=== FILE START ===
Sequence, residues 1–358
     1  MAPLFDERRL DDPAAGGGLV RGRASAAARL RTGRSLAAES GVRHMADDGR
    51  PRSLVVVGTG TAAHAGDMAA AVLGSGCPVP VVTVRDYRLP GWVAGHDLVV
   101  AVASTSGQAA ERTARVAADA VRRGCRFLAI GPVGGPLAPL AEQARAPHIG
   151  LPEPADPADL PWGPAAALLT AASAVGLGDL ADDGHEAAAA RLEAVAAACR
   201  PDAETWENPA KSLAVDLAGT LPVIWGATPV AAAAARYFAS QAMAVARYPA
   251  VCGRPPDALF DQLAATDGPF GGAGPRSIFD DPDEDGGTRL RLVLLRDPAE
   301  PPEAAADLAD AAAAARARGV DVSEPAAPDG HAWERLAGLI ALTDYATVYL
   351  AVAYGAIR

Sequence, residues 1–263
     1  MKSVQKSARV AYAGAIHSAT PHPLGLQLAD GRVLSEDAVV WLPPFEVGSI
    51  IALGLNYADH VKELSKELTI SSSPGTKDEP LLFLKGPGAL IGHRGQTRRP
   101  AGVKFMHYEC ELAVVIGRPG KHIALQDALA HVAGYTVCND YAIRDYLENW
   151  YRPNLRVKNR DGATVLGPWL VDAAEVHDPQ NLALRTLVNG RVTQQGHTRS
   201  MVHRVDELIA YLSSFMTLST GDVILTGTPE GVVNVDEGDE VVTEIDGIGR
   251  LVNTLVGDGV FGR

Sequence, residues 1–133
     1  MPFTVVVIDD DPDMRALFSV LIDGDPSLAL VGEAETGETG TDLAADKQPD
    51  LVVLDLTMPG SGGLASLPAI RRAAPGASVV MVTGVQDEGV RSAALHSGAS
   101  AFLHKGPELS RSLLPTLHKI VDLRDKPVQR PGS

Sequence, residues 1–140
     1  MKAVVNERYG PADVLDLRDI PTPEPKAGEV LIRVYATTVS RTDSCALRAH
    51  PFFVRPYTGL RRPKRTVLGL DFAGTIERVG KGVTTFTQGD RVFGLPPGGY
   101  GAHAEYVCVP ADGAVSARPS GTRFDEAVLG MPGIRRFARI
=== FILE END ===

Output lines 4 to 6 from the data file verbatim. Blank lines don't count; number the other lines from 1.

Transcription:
   101  AVASTSGQAA ERTARVAADA VRRGCRFLAI GPVGGPLAPL AEQARAPHIG
   151  LPEPADPADL PWGPAAALLT AASAVGLGDL ADDGHEAAAA RLEAVAAACR
   201  PDAETWENPA KSLAVDLAGT LPVIWGATPV AAAAARYFAS QAMAVARYPA